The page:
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Vaccinating entire country seems tough but is certainly achievable

Given the alarming rate at which the coronavirus is spreading and mutating, there is an urgent need to considerably scale up the vaccination programme in the country
UPDATED ON APR 26, 2021 04:21 PM IST

Given the alarming rate at which the coronavirus is spreading and mutating, there is an urgent need to considerably scale up the vaccination programme in the country.

From May 1, the government has opened up vaccination to all those above the age of 18 years. That is a welcome step. However, if the vaccination is to serve the purpose of halting the spread of the disease and also bringing down the intensity of the infection, we have to treble the rate at which we are giving the jabs now or else the entire exercise would be futile.

Let’s look at the staggering numbers that we need to inoculate- roughly about 840 million adults. Since each person needs two doses, the number of doses doubles to 1680 million and if we take into consideration the 140 million doses already administered, we need to push roughly about 1540 million jabs.

As per government statistics, in 95 days the government gave over 130 million doses. So it works out to about 1.36 million doses per day. At this rate, we would be completing our vaccination only by May 2024. Worse, by then, the total number of jabs required to be given would have multiplied , as those who took the shots in the first and the second year would be eligible for re-vaccination or booster doses. In other words, the entire vaccination programme would become unmanageable.

On the other hand, if we treble the rate at which we are vaccinating the people and administer 4 million vaccines per day, we can vaccinate the entire 18 plus age group by the end of May 2022, including those who become eligible that year. And that should be our target.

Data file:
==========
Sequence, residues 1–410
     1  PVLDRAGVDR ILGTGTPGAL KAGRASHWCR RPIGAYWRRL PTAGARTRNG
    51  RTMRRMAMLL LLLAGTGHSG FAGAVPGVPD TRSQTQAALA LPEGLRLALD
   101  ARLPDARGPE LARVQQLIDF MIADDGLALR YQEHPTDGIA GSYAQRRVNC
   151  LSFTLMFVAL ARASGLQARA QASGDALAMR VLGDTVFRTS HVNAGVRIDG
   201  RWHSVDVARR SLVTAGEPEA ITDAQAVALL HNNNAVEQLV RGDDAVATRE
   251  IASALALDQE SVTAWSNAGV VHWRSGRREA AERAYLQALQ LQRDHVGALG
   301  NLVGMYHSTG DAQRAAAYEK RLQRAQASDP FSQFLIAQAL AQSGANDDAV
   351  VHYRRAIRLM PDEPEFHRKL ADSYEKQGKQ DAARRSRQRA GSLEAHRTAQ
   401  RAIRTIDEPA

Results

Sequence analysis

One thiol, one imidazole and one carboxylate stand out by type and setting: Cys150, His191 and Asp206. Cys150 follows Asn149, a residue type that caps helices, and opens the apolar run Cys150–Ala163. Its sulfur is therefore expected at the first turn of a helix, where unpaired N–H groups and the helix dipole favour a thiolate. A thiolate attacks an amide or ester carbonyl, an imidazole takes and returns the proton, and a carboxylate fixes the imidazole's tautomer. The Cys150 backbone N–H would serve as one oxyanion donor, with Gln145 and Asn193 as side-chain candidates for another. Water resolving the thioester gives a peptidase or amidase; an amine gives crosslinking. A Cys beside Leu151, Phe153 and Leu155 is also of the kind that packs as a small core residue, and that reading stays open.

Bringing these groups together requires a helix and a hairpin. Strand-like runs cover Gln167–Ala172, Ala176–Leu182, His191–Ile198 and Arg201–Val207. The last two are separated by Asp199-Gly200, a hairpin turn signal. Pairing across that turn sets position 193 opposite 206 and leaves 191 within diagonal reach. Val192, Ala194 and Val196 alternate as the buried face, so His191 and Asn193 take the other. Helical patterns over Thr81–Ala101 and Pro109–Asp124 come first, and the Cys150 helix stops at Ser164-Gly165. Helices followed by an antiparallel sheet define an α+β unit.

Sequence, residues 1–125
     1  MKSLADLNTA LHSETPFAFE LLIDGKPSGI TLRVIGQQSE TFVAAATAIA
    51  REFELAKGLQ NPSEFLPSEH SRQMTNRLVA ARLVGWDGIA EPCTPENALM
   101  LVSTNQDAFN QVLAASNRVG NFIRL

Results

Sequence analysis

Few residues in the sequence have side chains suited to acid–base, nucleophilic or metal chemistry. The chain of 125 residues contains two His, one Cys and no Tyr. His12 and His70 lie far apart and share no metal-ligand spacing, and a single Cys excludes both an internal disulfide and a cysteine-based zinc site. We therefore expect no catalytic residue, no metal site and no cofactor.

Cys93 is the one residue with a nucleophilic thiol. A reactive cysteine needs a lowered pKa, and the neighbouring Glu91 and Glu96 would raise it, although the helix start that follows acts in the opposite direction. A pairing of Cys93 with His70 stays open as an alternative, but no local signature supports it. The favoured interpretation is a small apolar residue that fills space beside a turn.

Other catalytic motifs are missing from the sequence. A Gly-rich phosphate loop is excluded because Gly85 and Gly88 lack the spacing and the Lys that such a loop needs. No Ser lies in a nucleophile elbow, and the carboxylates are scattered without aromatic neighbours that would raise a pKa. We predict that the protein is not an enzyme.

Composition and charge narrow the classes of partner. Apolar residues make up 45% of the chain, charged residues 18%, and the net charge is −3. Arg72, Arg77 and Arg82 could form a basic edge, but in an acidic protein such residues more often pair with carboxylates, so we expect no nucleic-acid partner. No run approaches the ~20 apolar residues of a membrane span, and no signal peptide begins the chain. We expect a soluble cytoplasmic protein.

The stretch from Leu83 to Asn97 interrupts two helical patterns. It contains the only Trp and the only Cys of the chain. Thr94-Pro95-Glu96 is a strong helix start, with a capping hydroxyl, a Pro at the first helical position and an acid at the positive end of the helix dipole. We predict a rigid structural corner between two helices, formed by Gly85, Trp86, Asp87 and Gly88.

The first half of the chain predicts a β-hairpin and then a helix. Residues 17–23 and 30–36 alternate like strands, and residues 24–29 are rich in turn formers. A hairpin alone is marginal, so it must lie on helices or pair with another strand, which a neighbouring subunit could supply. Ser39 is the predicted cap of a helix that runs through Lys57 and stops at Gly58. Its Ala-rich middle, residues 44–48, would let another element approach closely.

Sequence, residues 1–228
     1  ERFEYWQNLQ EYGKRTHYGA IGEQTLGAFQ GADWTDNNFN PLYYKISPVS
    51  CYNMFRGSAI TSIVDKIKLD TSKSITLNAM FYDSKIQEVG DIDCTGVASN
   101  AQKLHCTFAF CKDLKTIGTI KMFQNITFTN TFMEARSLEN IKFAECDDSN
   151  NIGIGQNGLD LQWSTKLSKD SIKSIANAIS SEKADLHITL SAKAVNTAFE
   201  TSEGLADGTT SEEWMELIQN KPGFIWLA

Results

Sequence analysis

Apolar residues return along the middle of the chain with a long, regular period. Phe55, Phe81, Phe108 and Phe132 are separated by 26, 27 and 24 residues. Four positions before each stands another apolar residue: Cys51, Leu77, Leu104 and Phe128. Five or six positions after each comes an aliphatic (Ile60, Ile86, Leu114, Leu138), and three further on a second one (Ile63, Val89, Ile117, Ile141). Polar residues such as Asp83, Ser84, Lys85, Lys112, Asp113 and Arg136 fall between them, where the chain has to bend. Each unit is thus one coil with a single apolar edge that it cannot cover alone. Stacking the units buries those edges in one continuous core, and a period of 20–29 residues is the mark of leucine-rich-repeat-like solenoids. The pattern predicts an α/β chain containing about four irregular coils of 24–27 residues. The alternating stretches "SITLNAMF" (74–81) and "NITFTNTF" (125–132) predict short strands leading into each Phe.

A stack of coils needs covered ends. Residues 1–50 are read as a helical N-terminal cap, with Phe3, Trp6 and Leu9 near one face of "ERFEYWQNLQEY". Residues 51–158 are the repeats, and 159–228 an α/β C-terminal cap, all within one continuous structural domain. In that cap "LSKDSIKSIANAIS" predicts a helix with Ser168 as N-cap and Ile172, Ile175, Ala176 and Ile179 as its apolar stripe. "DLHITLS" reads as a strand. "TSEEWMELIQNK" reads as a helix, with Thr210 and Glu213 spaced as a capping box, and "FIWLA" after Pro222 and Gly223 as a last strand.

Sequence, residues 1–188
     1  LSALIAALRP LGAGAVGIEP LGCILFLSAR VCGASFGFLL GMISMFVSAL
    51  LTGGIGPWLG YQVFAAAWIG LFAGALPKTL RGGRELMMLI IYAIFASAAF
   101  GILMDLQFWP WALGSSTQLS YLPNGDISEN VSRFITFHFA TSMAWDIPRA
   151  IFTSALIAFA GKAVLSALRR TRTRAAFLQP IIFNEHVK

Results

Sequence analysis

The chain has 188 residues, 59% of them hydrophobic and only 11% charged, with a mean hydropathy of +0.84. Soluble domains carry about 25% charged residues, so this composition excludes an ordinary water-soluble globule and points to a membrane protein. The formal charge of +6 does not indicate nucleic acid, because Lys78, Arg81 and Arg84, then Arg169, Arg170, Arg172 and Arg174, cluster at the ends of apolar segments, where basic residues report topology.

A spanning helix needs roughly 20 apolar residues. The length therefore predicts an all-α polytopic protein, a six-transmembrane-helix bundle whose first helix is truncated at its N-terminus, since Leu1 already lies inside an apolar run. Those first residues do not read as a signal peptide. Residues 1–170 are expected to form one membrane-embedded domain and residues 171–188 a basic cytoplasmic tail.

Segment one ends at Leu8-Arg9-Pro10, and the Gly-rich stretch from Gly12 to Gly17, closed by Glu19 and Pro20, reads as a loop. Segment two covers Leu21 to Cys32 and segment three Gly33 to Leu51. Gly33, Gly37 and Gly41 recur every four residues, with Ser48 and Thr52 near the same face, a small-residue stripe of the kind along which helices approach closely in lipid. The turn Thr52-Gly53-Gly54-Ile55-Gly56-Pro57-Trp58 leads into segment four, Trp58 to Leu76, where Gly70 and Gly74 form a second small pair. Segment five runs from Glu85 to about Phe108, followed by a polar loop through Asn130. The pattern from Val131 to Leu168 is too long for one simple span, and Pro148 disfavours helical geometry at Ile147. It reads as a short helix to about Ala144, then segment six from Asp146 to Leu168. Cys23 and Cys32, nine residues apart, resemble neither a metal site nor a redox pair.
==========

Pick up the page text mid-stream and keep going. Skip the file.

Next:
It is not an easy target, given the fact that we need to have a continuous supply of four million doses of vaccine every day. But keeping in mind the dreadful consequence of delayed vaccination- uncontrollable infections caused by a variety of mutated viruses, we need to do everything possible to get that supply --- step up existing productions, get more companies to produce the vaccines, import as much as possible --–well, we cannot borrow or steal, but we can certainly beg for vaccines when we need it to save lives, there is no shame in it.

Pricing of the vaccine is equally important. The centre as well as the states have to ensure adequate availability of the vaccines for free at government facilities and at very reasonable rates at private facilities, to make sure that the price of the vaccine does not become a deterrent in the mass vaccination programme. We may need the vaccines desperately, but given our numbers, we are also the biggest consumers of the vaccine and we need to use that power to bargain hard for lower prices. The government also needs to ensure that the private sector, I refer here to the hospitals as well as the pharmaceutical companies, does not exhibit the usual avariciousness in this hour of crisis.

Today, every country in the world is racing against time to vaccinate its population and those countries that are producing adequate vaccines have a clear advantage. In the United States, for example, roughly about 41 per cent of the population has got at least one dose of vaccination and 27 per cent, two doses. Of course their population is only around 328 million.

We are fortunate that we not only produce the most widely used of the eleven different vaccines against Covid-19 in the world today, Oxford Astrazenica or Covishield by Serum Institute of India, but also have our own indigenously produced vaccine, Bharat Biotech’s Covaxin. And we will soon have Russia’s Sputnik V too in our stable.

However, being the second most populous country , our demands are huge. SII has said it plans to jack up its production from the present 60-65 million doses to 100 million per month from July and BB said it had scaled up its capacity to produce 700 million doses annually. However, both have export commitments and SII is also having problems with vaccination component imports from the US . But we are likely to have vaccines from more manufacturers –and if we put enough efforts into increasing indigenous production and also imports, we can easily achieve what may seem impossible at the moment.

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